AI generated content is about to flood the internet — should we be afraid of that?

Clayton J. Hester
2 min readAug 9, 2022

It’s easier than ever to make things.

You can design magazines, video titles, & logos with Canva.

You can edit videos with Premiere or DaVinci Resolve.

Now, AI makes pictures (DALL-E) and music (AIVA).

One day, whole films and books

You need good ideas to survive.


Ever since the rise of Pinterest, how do good artists get noticed above the noise?

With Spotify/SoundCloud, how will good musicians be heard?

With easy indie publishing, how do good authors get noticed?

It’s a tough fight out there in the content jungle. But…


Good things still rise to the top.

No doubt there are still many good authors, artists, musicians fighting their way out of anonymity.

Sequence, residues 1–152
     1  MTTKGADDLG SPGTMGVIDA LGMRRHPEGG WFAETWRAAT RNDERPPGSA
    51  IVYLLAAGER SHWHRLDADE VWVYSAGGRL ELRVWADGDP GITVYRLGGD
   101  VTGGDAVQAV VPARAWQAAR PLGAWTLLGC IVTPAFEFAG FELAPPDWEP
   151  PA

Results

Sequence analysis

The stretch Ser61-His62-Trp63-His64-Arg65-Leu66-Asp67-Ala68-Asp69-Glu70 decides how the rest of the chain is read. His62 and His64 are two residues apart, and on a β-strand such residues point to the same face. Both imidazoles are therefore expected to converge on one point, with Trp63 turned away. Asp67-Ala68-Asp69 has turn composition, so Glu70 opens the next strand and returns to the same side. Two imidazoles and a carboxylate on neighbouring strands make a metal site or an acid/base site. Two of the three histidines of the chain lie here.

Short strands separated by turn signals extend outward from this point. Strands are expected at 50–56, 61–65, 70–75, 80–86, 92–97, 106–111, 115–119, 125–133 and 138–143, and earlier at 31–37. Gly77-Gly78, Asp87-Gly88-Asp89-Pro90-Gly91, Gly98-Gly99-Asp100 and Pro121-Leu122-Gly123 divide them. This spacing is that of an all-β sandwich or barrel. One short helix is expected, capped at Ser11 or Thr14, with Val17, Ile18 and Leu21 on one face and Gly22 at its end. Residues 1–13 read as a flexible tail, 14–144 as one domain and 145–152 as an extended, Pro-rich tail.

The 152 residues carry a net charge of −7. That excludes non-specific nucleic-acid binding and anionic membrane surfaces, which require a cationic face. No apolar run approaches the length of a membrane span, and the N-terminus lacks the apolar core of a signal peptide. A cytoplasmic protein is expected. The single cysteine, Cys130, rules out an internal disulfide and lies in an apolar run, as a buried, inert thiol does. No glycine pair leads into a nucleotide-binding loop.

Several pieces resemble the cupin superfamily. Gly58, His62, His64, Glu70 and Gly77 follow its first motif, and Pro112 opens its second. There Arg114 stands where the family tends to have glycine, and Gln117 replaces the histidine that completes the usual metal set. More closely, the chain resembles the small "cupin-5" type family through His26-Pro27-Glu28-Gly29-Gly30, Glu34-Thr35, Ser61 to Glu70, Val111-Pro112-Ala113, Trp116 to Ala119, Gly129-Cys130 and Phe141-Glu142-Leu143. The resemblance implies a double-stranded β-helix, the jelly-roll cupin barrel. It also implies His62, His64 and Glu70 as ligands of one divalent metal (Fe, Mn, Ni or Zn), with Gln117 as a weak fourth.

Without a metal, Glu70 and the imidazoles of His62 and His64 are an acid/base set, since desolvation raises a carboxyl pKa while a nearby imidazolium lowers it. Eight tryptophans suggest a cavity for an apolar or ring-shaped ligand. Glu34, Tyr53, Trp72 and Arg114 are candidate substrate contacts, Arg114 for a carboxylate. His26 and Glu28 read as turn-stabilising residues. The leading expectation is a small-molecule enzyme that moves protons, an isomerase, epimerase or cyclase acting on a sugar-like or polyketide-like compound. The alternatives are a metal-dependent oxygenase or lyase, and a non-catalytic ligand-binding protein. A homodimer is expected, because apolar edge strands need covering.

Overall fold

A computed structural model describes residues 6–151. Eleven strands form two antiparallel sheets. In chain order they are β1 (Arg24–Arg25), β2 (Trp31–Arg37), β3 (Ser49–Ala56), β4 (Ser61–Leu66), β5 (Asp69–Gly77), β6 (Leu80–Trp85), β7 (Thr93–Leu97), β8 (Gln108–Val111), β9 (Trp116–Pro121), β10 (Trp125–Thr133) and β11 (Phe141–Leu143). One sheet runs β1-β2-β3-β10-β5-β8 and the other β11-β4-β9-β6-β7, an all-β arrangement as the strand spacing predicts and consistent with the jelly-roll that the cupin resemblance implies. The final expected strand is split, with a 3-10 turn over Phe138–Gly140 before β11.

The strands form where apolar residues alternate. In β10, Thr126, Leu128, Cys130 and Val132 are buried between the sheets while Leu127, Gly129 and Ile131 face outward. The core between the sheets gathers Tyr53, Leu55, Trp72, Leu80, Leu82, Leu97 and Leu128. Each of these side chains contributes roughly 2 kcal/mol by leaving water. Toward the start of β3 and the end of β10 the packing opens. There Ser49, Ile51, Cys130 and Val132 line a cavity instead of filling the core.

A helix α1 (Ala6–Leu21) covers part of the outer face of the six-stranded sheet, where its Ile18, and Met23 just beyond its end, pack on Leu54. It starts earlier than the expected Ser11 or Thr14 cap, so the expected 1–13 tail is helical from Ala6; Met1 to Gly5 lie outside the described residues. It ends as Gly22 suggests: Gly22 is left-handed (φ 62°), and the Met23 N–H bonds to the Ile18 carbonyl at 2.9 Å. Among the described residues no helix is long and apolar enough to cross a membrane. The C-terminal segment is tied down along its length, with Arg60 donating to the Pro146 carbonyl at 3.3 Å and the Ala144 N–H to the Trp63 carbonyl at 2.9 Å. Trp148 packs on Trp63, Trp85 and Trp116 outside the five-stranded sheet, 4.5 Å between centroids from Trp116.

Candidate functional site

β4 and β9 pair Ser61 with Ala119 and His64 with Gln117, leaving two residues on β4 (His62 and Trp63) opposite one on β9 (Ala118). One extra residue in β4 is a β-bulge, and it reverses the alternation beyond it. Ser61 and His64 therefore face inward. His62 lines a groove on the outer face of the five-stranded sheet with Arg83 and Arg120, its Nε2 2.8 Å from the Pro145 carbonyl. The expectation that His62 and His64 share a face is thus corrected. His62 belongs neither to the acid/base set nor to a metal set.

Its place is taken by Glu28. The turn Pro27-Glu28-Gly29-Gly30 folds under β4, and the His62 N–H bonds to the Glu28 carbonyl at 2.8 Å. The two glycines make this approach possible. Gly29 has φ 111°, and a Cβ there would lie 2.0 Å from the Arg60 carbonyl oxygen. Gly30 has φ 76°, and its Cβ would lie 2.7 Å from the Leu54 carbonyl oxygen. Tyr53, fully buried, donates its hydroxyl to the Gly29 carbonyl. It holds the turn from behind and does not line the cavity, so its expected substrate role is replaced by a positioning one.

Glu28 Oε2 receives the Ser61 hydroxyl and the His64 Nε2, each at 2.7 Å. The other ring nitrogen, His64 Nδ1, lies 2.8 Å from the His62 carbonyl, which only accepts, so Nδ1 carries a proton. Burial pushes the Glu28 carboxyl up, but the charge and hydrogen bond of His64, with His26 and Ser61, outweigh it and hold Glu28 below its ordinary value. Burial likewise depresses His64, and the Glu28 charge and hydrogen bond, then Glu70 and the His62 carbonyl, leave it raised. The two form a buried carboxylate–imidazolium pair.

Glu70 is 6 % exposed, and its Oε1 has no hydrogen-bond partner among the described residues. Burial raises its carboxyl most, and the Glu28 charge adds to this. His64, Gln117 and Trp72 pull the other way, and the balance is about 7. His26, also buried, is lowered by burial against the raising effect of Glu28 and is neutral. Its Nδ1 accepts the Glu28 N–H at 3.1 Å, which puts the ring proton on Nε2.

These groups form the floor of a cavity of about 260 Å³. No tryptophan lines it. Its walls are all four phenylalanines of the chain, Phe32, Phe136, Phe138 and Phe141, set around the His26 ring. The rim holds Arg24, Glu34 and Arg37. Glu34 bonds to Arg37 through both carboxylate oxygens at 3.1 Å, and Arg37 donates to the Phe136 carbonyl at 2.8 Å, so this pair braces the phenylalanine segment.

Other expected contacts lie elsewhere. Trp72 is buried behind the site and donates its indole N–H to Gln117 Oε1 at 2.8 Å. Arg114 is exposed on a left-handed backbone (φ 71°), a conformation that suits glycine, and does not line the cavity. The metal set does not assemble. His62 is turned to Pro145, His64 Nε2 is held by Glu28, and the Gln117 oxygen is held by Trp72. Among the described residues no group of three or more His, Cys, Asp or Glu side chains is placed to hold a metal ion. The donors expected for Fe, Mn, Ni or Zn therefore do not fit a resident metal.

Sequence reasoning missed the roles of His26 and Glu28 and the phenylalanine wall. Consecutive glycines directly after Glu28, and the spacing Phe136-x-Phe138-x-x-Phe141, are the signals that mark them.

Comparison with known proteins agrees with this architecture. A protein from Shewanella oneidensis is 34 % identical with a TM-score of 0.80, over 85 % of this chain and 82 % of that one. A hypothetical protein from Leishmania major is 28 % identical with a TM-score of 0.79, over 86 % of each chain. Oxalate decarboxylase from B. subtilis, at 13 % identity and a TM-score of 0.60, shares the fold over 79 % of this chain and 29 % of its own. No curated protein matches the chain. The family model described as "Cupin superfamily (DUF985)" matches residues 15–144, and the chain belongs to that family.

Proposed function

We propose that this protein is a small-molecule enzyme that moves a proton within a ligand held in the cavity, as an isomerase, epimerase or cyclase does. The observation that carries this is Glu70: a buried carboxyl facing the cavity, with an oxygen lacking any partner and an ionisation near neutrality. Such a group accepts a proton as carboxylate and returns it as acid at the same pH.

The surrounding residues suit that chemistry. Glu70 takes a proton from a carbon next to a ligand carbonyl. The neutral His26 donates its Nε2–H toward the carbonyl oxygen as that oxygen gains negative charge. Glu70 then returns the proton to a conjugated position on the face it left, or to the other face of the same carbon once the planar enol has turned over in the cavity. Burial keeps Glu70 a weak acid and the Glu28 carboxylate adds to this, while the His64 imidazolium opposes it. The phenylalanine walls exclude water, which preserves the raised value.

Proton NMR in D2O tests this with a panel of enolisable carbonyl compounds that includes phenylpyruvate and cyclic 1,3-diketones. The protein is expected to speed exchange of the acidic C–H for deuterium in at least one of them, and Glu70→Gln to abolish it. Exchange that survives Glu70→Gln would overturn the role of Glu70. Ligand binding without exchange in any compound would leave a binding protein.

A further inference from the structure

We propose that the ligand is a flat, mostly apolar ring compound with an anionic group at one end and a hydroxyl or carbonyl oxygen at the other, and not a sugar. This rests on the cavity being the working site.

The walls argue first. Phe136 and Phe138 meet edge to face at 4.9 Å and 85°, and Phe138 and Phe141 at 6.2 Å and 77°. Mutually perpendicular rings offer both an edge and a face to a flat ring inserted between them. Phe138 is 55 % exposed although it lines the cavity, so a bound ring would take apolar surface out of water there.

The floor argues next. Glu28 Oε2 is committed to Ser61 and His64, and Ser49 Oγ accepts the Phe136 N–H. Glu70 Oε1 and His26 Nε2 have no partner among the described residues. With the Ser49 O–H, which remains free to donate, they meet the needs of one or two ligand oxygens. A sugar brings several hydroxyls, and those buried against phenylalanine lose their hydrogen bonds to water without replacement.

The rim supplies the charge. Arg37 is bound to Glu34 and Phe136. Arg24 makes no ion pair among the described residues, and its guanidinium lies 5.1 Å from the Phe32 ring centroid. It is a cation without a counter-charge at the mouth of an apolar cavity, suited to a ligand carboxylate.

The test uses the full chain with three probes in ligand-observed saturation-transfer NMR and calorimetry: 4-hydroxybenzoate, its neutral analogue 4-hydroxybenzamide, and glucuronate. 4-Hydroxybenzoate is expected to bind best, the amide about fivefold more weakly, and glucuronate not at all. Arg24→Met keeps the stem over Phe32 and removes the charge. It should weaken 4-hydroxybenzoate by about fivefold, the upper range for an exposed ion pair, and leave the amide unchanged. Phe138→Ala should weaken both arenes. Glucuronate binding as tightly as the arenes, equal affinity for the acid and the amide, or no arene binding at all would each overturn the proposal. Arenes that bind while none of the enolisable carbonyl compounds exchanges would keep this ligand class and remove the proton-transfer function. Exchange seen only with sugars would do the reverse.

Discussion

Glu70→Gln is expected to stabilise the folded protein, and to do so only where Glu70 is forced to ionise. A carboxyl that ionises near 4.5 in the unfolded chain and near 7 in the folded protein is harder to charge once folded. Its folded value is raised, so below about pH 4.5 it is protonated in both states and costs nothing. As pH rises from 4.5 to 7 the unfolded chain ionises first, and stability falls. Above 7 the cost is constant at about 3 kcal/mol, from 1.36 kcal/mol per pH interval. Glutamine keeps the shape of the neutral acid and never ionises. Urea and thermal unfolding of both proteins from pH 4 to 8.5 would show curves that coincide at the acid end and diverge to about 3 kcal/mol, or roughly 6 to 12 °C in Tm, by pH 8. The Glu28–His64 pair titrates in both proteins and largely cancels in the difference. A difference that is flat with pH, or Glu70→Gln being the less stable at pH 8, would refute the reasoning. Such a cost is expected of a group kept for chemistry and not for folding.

But good ideas are the ones who get discovered.

Good ideas with good packaging/marketing.

Innovation is still needed.


I’ve been collecting art ideas for some time.

Were it not for DALL-E, I could never even scratch the surface of making them (my acrylics ain’t good).

This gives people the means to express a creativity that would be lost


Teaming up with AI challenges us to do better.

It encourages us to break out of our box and to tackle new approaches and ideas.

When AI designs something new, we have an opportunity to build on it.

We can humanize it and correct it.


We’re not going to become suddenly disinterested in handmade art, either.

After all, the world of painting — Hobby Lobby run anyone? — is doing just fine.

Like we continue to value the intimate and skillful production of Amish furniture, old fashioned ways get valued more.


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Clayton J. Hester

Country boy. Explorer of the creative process & life, the arts, storytelling, innovation and history of ideas. Omnia in gloriam Dei facite —